Even the most informed consumers could be putting their health at risk. That’s the eye-opening truth that Dr. Oz uncovered from his investigation into some of the nation’s leading industries. After consulting the country’s biggest watchdogs and most-respected experts, Dr. Oz documented three of the most shocking threats to your health right now. Learn what they are and how you can fight back.
Threat #1: Brominated Vegetable Oil
Brominated vegetable oil or BVO is essentially vegetable oil treated with the high-density element bromine. BVO was originally created as a flame retardant for children’s clothes and mattresses. The bad news: BVO is commonly added to your favorite sodas and sports drinks.
How did this flame retardant end up in your favorite beverages? Soda manufacturers started adding BVO for cosmetic reasons – it helps prevent the drinks’ ingredients from separating on the shelf. BVO is an emulsifier used to spread the fruit and coloring elements of the liquid evenly, giving citrus drinks a cloudy, more "natural" appearance and keeping the flavors evenly distributed. BVO is primarily used in drinks that contain citrus flavor oil, which the New York Times estimates is around 10% of all beverages. Soft drinks like Mountain Dew, Powerade, Gatorade, Fanta Orange, Fresca and Squirt all contain BVO.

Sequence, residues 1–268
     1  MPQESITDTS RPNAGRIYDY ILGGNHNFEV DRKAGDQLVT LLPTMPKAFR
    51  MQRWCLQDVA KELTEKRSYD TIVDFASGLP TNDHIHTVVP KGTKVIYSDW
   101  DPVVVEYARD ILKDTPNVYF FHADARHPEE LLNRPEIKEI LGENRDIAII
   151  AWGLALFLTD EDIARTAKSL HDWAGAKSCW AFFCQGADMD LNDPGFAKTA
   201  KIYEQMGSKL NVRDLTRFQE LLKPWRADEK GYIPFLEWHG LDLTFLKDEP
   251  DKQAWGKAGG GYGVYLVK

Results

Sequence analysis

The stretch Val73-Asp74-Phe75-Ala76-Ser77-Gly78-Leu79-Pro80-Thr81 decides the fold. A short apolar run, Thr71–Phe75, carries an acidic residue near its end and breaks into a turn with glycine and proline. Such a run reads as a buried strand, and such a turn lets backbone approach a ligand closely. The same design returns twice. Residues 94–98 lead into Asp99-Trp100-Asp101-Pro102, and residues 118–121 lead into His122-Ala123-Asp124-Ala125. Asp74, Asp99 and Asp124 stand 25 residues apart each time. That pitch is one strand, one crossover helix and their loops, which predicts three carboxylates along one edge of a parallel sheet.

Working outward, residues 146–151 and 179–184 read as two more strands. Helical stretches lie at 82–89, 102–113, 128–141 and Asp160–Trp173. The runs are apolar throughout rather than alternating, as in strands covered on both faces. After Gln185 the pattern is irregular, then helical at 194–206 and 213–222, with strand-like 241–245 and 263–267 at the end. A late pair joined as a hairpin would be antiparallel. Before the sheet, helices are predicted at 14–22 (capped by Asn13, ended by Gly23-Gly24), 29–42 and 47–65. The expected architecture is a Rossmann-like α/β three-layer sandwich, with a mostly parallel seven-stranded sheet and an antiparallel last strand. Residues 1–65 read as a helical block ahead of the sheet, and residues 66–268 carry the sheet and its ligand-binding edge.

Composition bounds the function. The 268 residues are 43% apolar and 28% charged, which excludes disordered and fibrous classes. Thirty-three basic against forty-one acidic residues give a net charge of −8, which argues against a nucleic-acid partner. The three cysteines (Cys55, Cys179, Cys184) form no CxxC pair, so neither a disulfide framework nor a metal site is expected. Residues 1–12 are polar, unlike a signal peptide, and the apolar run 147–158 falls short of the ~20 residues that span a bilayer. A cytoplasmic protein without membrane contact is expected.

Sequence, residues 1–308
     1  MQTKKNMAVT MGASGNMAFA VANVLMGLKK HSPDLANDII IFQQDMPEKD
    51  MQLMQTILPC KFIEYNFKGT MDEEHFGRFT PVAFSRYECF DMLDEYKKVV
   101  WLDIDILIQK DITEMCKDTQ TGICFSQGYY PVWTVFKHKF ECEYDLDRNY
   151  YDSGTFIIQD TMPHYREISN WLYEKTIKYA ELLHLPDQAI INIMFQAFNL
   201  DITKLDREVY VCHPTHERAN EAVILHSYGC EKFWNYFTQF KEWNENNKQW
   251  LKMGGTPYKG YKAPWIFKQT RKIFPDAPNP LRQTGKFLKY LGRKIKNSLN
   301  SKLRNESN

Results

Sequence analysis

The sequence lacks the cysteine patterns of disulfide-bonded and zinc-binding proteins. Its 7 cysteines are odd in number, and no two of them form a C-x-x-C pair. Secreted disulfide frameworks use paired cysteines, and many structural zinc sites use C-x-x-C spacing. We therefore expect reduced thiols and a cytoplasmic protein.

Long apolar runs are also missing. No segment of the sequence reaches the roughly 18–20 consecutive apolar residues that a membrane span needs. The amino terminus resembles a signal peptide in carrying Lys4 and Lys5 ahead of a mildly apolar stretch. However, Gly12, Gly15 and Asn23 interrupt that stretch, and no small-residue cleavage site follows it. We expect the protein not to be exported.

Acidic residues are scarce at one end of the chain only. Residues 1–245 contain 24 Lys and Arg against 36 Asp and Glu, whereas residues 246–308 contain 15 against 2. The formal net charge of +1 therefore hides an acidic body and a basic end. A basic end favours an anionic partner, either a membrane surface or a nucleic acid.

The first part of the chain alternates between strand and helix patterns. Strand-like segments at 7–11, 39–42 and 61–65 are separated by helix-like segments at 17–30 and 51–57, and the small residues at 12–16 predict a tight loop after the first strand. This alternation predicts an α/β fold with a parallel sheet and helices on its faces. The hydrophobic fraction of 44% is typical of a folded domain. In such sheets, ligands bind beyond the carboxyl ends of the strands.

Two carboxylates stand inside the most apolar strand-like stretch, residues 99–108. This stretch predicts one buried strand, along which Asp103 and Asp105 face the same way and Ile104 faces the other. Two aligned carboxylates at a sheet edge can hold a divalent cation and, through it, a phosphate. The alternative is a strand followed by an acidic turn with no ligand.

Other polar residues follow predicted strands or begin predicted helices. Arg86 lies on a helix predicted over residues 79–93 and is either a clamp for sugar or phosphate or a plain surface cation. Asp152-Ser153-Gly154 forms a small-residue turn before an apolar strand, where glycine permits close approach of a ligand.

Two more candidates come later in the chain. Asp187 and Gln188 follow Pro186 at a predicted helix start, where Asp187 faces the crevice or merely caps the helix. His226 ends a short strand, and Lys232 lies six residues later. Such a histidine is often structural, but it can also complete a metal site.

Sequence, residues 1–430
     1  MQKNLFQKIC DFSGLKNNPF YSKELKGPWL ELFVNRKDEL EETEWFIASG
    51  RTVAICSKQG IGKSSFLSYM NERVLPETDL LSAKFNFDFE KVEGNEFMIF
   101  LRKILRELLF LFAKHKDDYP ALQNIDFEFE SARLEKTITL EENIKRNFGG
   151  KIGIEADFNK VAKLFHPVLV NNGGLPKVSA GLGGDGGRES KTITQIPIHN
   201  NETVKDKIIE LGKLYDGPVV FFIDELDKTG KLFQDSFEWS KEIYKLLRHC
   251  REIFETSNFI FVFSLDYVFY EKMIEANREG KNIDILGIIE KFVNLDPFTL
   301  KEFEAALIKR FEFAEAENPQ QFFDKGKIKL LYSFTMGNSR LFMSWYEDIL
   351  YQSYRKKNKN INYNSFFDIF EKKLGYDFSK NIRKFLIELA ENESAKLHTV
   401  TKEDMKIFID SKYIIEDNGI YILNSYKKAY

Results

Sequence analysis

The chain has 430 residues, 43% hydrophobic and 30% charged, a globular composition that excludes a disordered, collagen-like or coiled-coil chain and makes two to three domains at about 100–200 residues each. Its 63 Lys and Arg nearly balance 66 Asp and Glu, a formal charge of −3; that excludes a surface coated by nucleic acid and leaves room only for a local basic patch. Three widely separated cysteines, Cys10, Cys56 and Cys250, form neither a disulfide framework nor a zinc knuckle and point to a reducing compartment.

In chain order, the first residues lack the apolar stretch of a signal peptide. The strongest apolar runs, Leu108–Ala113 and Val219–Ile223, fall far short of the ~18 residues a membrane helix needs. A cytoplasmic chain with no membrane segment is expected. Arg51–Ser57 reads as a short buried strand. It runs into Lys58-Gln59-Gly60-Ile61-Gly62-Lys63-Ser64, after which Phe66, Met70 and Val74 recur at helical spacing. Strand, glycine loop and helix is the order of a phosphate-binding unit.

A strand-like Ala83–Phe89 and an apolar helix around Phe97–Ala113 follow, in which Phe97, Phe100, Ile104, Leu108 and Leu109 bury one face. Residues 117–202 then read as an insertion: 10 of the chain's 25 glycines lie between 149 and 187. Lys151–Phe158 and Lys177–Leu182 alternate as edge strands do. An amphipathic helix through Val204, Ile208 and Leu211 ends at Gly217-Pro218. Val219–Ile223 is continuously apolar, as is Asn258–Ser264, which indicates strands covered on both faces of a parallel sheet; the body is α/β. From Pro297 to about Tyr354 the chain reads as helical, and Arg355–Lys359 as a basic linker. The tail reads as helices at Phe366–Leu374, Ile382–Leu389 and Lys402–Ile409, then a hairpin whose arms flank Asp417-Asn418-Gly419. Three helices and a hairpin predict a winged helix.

Researchers link BVO to organ damage, neurological issues and even birth defects. Studies have found that brominated flame retardants (BVO’s cousins) build up in human tissues, including breast milk. Animal and some human studies have linked these substances to neurological impairment, reduced fertility, changes in thyroid hormones and early onset puberty. Up until the 1940s, bromide salts were used for medicinal purposes until it was discovered that they could cause psychological symptoms and mental disorders in patients and they were pulled off the market.
More than 100 countries have banned BVO, including countries in Europe and Japan. Yet in the US and Canada, it’s legal to add BVO to beverages in amounts no greater than 15 parts per million. This US standard was set in the 1970s and was supposed to serve as an interim ruling pending additional research. Over 40 years later, however, this standard remains unchanged and BVO is still listed as an “interim food additive” instead of an ingredient. Accordingly, manufacturers that use BVO are technically following government regulations.